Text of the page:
Rutsch said his group has been operating for 10 years and goes to areas of conflict to offer people a safe zone to talk. In recent months, he was at protests in Berkeley and at a pro-impeachment rally in Los Angeles, he said.
“We like the conflict zones,” said Rutsch, a 61-year-old El Cerrito resident.
“We came here, and people recognized us from Berkeley and welcomed us with hugs.”
Several people in the crowd said they did not want to give their names because they were concerned about backlash from co-workers or friends if they were identified as attending such an event.
Two sisters wearing American flag tops and Trump pins said they had lost friends on Facebook because they supported Trump and did not want to cause themselves further problems by giving their names.
Others were happy to talk.
Jordan Whitecar, 27, of Folsom, said he came with the idea of “just celebrating freedom.” Clad in slacks, a black vest and white dress shirt with an American flag draped around him as a cape, Whitecar said he had not seen any anti-Trump sentiments at the event.
“It’s a pro-liberty rally,” Whitecar said.
Most of the people present wandered away from the wilting heat before the event ended around 4 p.m., leaving a few dozen to listen to closing speaker Kyle Chapman.
Chapman became well known after a video of him at a March 4 rally in Berkeley went viral. That video showed Chapman hitting an anti-Trump protester with a stick, leading to him being hailed on far-right websites as a “hero.”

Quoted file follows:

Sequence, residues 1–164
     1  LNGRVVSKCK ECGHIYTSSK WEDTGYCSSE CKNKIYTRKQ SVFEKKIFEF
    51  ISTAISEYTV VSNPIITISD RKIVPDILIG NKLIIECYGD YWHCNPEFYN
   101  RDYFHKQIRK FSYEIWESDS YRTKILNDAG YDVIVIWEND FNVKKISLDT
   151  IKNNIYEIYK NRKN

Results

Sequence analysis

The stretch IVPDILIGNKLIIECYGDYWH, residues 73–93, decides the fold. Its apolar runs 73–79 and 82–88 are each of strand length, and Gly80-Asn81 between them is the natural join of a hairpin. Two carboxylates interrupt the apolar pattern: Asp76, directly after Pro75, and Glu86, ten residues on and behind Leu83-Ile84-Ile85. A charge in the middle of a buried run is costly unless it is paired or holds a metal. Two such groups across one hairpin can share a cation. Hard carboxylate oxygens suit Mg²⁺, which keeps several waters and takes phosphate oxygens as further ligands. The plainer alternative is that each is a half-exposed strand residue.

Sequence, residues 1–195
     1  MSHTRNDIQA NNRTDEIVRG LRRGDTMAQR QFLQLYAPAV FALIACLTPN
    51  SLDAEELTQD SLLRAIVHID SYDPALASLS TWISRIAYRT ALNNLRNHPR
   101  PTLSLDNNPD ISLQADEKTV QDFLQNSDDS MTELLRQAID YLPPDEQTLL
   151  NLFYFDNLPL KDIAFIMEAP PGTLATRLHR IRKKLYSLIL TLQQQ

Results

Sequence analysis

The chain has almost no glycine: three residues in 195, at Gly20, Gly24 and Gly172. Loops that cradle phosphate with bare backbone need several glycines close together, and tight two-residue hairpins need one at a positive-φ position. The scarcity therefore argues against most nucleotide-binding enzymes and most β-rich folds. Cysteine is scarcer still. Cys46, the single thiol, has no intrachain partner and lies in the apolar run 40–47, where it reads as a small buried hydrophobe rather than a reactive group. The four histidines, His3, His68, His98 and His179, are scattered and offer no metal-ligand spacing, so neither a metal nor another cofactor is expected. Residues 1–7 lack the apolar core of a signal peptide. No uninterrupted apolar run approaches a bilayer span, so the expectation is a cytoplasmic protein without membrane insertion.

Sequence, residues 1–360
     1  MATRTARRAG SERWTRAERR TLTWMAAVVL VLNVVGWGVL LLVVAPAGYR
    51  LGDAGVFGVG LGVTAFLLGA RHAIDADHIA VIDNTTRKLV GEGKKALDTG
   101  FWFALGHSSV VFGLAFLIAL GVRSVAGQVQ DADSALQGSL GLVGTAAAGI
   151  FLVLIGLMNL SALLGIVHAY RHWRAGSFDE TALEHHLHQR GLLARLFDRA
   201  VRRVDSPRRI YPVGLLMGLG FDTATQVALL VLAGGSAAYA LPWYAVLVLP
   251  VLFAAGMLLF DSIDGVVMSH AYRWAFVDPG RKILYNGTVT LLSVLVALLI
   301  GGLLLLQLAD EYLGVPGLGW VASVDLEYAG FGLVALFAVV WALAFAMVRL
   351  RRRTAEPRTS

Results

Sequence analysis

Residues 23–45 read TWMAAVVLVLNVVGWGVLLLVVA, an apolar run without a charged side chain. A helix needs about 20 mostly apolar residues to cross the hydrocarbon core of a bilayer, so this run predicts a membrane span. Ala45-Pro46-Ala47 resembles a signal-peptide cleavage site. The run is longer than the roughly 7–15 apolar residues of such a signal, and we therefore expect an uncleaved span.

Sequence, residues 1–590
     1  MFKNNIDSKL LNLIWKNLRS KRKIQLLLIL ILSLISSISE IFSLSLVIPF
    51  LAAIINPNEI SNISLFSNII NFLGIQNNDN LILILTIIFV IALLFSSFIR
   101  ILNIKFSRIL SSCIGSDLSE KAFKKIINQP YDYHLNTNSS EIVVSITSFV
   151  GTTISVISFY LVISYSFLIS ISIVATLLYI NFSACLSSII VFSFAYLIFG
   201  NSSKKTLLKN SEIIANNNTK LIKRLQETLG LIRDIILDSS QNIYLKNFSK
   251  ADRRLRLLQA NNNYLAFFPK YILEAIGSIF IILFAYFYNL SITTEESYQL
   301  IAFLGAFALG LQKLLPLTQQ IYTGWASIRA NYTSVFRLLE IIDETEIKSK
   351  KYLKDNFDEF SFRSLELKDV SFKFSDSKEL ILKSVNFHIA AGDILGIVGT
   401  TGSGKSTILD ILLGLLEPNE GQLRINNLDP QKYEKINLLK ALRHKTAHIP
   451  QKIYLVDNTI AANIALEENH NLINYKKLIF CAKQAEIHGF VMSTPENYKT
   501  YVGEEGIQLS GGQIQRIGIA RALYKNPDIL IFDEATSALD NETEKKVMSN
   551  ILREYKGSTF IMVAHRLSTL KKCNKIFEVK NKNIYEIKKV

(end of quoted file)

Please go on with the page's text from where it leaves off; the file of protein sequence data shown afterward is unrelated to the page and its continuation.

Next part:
Chapman appeared Saturday with a group of men he said were there to ensure no violence occurred from “antifa,” or anti-fascist, groups.
None did, and Chapman delivered remarks criticizing immigration, denying he was a white separatist and warning the congregants that their jobs may be imperiled in the future by immigration.
He also said he had given up his six-figure salary as a diver, and noted that his supporters can visit his website to purchase clothing and other items.
In Fremont Park, Jamier Sale, a spokesman for the ANSWER group, said members cared about many of the same issues addressed at the Capitol rally, such as immigration, terrorism, and health care – but from an opposite perspective.
“We’re concerned about the same issues, but when we say we’re concerned with terrorism, we talk about the terrorism of the alt-right,” Sale said. “They’ve used each of these issues to attack each of those communities.”
The location for the counter-rally – about a half-mile from the state Capitol – was chosen to create a buffer between the group and the Unite America First rally.
Sale said he considers Saturday’s action, and similar ones held by conservative groups around the nation since Trump’s election, a tactical move to provoke conflict and land counter-protesters in jail.
He mentioned last year’s Capitol rally and efforts by local police to prosecute counter protesters.
On Saturday, attendees passed out information about the group’s goal to attend the People’s Congress of Resistance in Washington, D.C., in September.
Oliver Harvey hoped to encourage community members to participate politically and educate themselves.
“Even if one person grabs a flyer and Googles it, that’s what I want,” Harvey said. “That’s why I’m here.”